Israel’s new Finance Minister, Yair Lapid, admitted on Saturday night that he would have to implement tough economic cuts in order to repair Israel’s economy.
"I have discovered that there is a monstrous, growing overdraft in our bank account," Lapid wrote in a message to his supporters.
“It's time to deal with that overdraft,” he added. “We'll work hard, we’ll limit ourselves, we’ll reduce expenses, we will also have to cut where it’s most painful. It will be difficult, it will be stressful, but there's another advantage: If we do this now, it will not continue for a long time.”
Lapid added that in the coming year he will take actions that will enable greater leeway for next year in addressing the problems of housing, education, welfare and equal sharing of the burden.
"The problem arose because, instead of responsible economic management, they took huge loans and partied. I'm not going to repeat that mistake," said Lapid.
He admitted that he would prefer to engage in “happier things” than dealing with the deficit, but added, “I believe that my job is to go exactly where it is difficult.”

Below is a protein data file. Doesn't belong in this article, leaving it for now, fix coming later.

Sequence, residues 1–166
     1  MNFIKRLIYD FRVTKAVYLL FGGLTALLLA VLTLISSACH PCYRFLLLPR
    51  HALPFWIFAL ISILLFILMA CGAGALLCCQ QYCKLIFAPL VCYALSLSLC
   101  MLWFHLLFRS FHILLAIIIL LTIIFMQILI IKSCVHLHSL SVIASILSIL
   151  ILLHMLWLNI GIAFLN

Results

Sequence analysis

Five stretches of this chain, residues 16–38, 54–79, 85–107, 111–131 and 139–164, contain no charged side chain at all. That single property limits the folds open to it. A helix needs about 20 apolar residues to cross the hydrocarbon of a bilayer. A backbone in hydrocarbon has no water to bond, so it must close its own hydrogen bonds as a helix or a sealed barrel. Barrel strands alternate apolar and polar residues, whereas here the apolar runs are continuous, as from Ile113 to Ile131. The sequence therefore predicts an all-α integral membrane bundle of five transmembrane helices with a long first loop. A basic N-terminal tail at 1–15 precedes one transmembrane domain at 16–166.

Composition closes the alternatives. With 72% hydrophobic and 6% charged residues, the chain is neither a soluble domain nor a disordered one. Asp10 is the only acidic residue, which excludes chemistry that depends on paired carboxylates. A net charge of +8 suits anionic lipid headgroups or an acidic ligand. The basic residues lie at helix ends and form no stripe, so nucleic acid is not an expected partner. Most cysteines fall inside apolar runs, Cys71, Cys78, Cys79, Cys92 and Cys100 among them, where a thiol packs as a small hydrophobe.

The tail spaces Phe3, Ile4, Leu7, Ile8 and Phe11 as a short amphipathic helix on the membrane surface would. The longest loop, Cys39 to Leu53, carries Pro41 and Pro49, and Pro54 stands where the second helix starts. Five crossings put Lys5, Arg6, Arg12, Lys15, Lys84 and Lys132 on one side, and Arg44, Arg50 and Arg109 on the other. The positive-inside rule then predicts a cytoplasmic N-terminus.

“Those who feel in the coming year that their situation has worsened should know that it will be temporary,” said Lapid. “The stronger the actions we take now, the more we can do to improve next year.”
In January, figures assembled by the Accountant General's Office found that Israel's budget deficit was double than what had been expected. Instead of the 2% that Israel had been thought to be in “overdraft,” it turns out that the deficit is 4.2%.
The Treasury said that most of the unexpected deficit, about NIS 18 million, was due to lower than expected tax receipts. Spending overruns accounted for only NIS 2.2 billion of the deficit.
Lapid’s statement comes just one week after he said that he is not afraid to make decisions in his new role that will cause his popularity to decline.
"I am not afraid to make moves that will hurt my popularity,” he emphasized. “My job is not to be popular, but to lead. I went into the election with the slogan 'Where's the money?’ and this is a binding statement.”